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The Traditions of the Hopi, by H.R. Voth, [1905], at


Halíksai! The people were living in Oraíbi. At the place where now old Qömáhoiniva lives, lived a very pretty maiden, who refused all offers of marriage. At the place where Sikámöniwa at present lives, lived a young man by the name of Piwítamni. He lived there with his grandmother. He had derived his name from the fact that he always patched his grandmother's wrappers and blankets.

Many young men in the village asked for the hand of the pretty maiden when she would shell corn in the evening, and they would come and woo her, but she refused all offers. Piwítamni's grandmother once told him to visit the maiden too, and ask for her hand in marriage, but he said that she would certainly refuse him because he was poor and his blanket was very much patched. One time she gave him two little fawns and said to him: "When the maiden goes south of the village to a certain rock, you go and meet her there and take these two little fawns with you." So in the evening he did as she had told him to do and went up to the maiden where she was pulverizing some rock with a hard stone. "What are you doing?" he asked her. "I am doing this way," she said, whereupon she looked around and saw the two little fawns. "What have you there?" She asked. "They are my two little animals," he answered. She was glad and said, "Give me these and I shall own them." So he

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gave them to her. She took them to the village and showed them to her father and mother, as she still had parents.

The young man also returned to his grandmother and she asked him: "Well, how has it turned out?" "Why she took them to her home." "All right," she said. By this time the sun had set and the grandmother said to the young man, "Now go to the maiden's house and you speak to her parents, and if they talk good to you you bring her to my house. So in the evening he went over to the maiden's house and the parents recognized him. They asked him whether these were his two little fawns and whether he had given them to their daughter. He said he had. "All right," they said, and seemed to be glad. Then they turned to their daughter and said, "You have found each other. You fill your tray with meal and go with him." So she filled her tray with meal and went along with the young man. When they arrived at the young man's house the grandmother was very happy and greeted her. "Come in," she said, and assigned her a seat. She found that the maiden was a very pretty girl. She then gave her some little hurúshiki (a certain Hopi food) and some meat from the breast of the chíro, with some brine. When the maiden had eaten, she asked: "Where shall I sleep?" So the grandmother showed her a small room with blankets in it which were also very much patched up, so that she had a very poor looking bed.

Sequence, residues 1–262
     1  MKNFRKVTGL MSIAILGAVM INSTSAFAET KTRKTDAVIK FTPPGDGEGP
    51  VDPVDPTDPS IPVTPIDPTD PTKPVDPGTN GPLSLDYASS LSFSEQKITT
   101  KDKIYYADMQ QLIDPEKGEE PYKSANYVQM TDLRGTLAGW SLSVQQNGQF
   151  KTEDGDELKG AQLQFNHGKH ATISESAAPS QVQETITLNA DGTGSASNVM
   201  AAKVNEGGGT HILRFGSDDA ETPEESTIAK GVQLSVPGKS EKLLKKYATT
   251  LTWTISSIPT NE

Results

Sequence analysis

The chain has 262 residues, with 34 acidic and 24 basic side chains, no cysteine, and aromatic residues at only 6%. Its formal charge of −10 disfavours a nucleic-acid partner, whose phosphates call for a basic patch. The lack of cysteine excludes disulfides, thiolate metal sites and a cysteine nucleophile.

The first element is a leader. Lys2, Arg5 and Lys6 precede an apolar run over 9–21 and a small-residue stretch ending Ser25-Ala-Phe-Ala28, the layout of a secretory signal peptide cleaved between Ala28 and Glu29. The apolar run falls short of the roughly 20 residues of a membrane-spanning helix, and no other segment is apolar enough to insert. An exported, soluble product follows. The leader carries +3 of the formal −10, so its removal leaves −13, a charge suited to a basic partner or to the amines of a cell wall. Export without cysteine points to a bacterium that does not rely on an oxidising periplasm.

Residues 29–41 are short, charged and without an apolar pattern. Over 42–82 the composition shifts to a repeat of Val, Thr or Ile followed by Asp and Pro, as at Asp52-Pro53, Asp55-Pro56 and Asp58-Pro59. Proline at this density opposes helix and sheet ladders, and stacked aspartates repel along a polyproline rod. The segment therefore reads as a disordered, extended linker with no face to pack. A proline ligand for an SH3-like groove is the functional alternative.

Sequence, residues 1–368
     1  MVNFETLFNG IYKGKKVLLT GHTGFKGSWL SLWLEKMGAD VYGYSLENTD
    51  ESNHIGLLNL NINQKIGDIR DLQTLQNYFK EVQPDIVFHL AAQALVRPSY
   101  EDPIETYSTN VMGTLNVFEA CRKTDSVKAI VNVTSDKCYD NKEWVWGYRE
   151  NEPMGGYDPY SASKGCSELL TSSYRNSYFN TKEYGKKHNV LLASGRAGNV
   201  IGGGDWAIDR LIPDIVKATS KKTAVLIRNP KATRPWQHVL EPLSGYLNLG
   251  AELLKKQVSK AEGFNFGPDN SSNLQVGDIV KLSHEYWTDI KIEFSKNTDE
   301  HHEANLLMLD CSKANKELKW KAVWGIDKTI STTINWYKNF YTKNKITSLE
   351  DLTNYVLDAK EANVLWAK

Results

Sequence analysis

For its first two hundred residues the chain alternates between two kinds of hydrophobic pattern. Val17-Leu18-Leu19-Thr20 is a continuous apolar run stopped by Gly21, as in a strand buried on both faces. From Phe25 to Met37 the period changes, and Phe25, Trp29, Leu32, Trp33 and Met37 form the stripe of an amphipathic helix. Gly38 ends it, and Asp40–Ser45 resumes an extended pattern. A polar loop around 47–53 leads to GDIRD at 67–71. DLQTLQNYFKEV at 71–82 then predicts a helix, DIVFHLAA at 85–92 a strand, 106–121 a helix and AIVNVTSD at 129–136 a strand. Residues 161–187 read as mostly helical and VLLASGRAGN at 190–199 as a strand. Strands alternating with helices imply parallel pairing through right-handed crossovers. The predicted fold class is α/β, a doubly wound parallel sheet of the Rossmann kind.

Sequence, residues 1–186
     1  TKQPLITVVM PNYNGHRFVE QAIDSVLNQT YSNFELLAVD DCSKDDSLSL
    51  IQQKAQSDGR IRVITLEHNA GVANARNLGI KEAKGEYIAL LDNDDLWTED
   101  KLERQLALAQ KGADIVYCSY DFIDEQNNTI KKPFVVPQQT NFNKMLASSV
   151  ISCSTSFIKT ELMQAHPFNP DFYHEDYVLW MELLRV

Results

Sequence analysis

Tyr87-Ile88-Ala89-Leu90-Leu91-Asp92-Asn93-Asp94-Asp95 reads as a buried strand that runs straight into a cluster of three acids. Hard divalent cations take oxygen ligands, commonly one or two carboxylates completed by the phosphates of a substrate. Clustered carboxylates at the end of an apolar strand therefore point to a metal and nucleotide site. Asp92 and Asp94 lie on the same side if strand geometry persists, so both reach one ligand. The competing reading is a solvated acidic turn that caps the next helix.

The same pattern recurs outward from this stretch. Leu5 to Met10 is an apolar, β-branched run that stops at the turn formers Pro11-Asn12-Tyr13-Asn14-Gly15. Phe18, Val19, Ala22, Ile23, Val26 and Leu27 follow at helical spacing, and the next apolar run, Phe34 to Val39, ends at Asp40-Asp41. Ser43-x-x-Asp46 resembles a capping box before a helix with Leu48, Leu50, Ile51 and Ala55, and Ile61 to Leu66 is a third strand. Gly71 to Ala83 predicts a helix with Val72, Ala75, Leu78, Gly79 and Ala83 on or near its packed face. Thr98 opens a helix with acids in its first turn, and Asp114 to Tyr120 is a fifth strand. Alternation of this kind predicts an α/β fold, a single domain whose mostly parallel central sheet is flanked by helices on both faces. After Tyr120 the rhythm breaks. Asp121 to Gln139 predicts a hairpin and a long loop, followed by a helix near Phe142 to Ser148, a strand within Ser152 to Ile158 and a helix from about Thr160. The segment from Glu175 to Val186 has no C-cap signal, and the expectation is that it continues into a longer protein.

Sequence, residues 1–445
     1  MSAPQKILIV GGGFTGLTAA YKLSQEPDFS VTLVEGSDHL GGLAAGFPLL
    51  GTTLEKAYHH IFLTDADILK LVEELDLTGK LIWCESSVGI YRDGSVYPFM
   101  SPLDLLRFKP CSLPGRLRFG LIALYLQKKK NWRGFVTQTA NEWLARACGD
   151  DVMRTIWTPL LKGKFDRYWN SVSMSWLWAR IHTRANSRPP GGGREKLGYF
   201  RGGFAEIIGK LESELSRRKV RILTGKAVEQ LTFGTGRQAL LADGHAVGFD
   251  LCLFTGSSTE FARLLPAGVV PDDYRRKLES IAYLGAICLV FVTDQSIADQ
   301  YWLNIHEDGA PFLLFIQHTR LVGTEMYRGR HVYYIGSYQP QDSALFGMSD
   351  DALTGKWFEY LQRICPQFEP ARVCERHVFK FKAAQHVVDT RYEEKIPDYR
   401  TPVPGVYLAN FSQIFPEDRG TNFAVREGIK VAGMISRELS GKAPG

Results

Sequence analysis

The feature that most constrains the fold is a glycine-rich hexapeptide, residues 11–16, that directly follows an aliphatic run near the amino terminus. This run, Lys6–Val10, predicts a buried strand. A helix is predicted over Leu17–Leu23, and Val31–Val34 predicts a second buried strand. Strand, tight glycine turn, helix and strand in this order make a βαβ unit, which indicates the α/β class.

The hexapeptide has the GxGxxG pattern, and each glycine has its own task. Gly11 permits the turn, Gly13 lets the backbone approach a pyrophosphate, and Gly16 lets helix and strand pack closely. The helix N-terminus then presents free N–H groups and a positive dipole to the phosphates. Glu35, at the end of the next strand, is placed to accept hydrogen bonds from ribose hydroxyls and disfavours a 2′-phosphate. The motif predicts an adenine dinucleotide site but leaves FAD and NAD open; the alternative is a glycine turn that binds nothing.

For four days she ground corn there, as is the custom of the Hopi. When the young men of the village heard about it they were very sad. But while usually relatives and friends provide a bridal costume for the newly married maidens, there was no one to prepare this costume for this maiden, and hence there was no one for whom she could prepare meals except the poor grandmother. When she had been there for some time, the grandmother said to her grandchild. ''It is now a long time, you go and cry out this evening that your relatives should come here to-night and eat." During that day they prepared some píkami for the feast that night. So in the evening he cried out, saving: "You my uncles, come here and partake of this food, and do not be slow about it." So in the evening they arrived and partook of the food. The young bride set before them the píkami which she had prepared. The grandmother went into an inner room and got from there a great deal of nö'okwiwi (a dish consisting of venison, shelled corn, salt, and water), which the maiden had not noticed before. This she also set before her guests, of whom a great many had come in by this time. When they had eaten they said, "Thanks, that our bride has prepared this feast and that we have

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eaten it, You remain here and see we have prepared your costume. There it is wrapped up in this bundle. To-morrow you look at it." so in the morning the grandmother opened the bundle, and there were the two bridal robes, the moccasins, and the big belt in the reed receptacle.

The people had heard that Piwítamni's bride would go home and they all wanted to see her, and said that she would not have a bridal costume on because nobody had prepared one for her. So they all went on their houses and waited for her. All at once the old grandmother accompanied the young bride to the ladder which the bride descended, and behold! she was dressed up in an ówa. 1 They were astonished, not having heard of any costume being prepared for her. The old grandmother sprinkled a road of corn meal for the bride and then the latter, carrying her bundle with the second ówa and the belt in front of her, went home to her parents. Her father and mother were very happy and they welcomed her. "Thanks, that you have come and somebody has prepared something for you," they said.

Later on the bride took some corn-meal to her own parents, and her husband also brought some to her parents, and then they lived in their parents' house. But Piwítamni lived with his wife and was always very poor and had nothing. The parents of the wife were now wondering and waiting whether he would provide for his wife and make some clothing for her. But he did as he had done for his grandmother, that is, repaired and patched, but never made any new clothes for her and only made and worked a very small field. He proved to be lazy. While the others raised fine crops and watermelons and filled their houses with them, this young man raised hardly anything, and his poor wife had to live partly on watermelon rinds which were thrown away by other people, so from that fact she derived her name, and the others laughed at her husband.